Most important is that I've recently been stuck with writer's block
(coder's block?) on how to generalize the DisplayTransform code, and
this gets us over the hump. Full GPU support should now be just around
the corner. (Feel free to place bets on the check-in date.)

... and I haven't forgotten about the FAQ and documentation either!

-- Jeremy

Re: Luma attr error checking

Jeremy Selan <jeremy...@...>

I'm currently working on writing a quicktime generator using OpenImageIO,
OpenColorIO, libquicktime and Qt.
Cool! That sounds like a really good use case.

On our medium term list is to build a bridge between OIIO and OCIO, so
you can use OIIO's command-line utilities to do color conversions.
But I wouldnt want to promise a date for that, and hooking em up
yourself shouldnt be too hard.

I'd like to check that I'm correctly understanding OpenColorIO's intention.

Is it intended that it will handle the color transforms and that those
transforms
will be stored in it's own XML based format?
Yes, exactly.

The XML configuration file (.ocio) is super light-weight. All the
heavy data (1D LUTs, 3D LUTs) are references to other existing files
(which remain in their native formats). Also, you don't have to hand-
craft the XML. You can use the OCIO API to build configurations, see
src/testbed/main.py for an example.

There's also talk of making an ocio "bundle" for easy distribution
(which would be the .ocio xml file + the luts directory), but I havent
tackled this yet.

If so, would it be within the scope of the project to build importers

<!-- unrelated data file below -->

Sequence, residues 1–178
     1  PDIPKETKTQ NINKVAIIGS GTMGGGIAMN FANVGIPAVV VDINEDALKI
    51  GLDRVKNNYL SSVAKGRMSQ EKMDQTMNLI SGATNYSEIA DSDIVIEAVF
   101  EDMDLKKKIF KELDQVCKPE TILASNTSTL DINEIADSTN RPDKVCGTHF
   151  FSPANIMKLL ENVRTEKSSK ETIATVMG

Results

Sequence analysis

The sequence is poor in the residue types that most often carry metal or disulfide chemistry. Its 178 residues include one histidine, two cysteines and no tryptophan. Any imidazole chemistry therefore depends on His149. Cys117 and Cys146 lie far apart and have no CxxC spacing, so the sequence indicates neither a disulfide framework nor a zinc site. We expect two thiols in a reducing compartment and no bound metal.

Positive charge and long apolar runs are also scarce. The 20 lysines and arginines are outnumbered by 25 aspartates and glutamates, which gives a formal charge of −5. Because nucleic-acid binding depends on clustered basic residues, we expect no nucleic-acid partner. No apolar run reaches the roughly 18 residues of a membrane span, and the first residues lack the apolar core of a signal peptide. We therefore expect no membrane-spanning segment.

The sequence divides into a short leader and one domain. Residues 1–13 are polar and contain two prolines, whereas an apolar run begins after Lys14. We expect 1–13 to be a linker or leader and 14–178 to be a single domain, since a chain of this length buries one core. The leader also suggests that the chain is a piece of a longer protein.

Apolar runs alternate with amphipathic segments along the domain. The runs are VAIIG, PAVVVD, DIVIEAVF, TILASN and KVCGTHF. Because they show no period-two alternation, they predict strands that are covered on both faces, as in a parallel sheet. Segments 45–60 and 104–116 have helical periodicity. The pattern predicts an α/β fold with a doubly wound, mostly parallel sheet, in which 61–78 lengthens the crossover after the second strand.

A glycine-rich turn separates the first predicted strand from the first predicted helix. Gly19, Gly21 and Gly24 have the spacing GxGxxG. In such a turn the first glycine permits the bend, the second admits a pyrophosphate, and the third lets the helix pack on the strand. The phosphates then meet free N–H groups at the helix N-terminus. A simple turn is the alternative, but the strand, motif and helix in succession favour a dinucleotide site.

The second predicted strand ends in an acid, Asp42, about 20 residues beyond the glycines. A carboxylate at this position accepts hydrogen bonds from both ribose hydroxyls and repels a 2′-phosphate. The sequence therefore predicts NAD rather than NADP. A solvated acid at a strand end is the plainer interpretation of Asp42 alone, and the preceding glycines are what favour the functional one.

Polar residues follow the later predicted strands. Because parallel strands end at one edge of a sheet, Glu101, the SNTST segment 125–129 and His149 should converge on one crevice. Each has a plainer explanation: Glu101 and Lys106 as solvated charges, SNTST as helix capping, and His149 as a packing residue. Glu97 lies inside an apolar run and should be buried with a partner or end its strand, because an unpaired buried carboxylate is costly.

and exporters that for various formats? I'm thinking of cases where
I want to bring in a LUT to apply to footage or when I want to supply
a LUT from OpenImageIO to another application.
Very much so! What LUT formats do you need support for? Let's get em
in there.

At some point soon I'll add an ocio command-line utility that will do
LUT transcoding - which along with support for more luit formats -
should be a really popular option.

-- Jeremy

Re: [ocs-dev] Re: Luma attr error checking

Alan Jones <sky...@...>

Hi Jeremy,

On Thu, Aug 5, 2010 at 4:16 PM, Jeremy Selan <jeremy...@...> wrote:
Good catch.  I've updated the git repo and the downloads site (
configs will work with the latest trunk release.
Thanks - it's running happily now.

Unfortunately, I'm also a bit behind in the publishing the docs. (I
have a version internally, but they're a but out of date).  I'll do my
best to repost them all within a day or two.
I'm currently working on writing a quicktime generator using OpenImageIO,
OpenColorIO, libquicktime and Qt.

I'd like to check that I'm correctly understanding OpenColorIO's intention.

Is it intended that it will handle the color transforms and that those
transforms
will be stored in it's own XML based format?

If so, would it be within the scope of the project to build importers
and exporters that for various formats? I'm thinking of cases where
I want to bring in a LUT to apply to footage or when I want to supply
a LUT from OpenImageIO to another application.

Of course, in the next few months I'd like the library to be entirely
self documenting (doxygen), and if anyone would like to help get the
ball rolling, i'd be very appreciative. (i'm happy to write them all,
I just dont have doxygen formatting / makefile experience).
I can probably throw in with the doxygen style comments - they're
pretty easy so if you're cool with me passing some dumb questions
(like the ones above) I'd be happy to help out ther.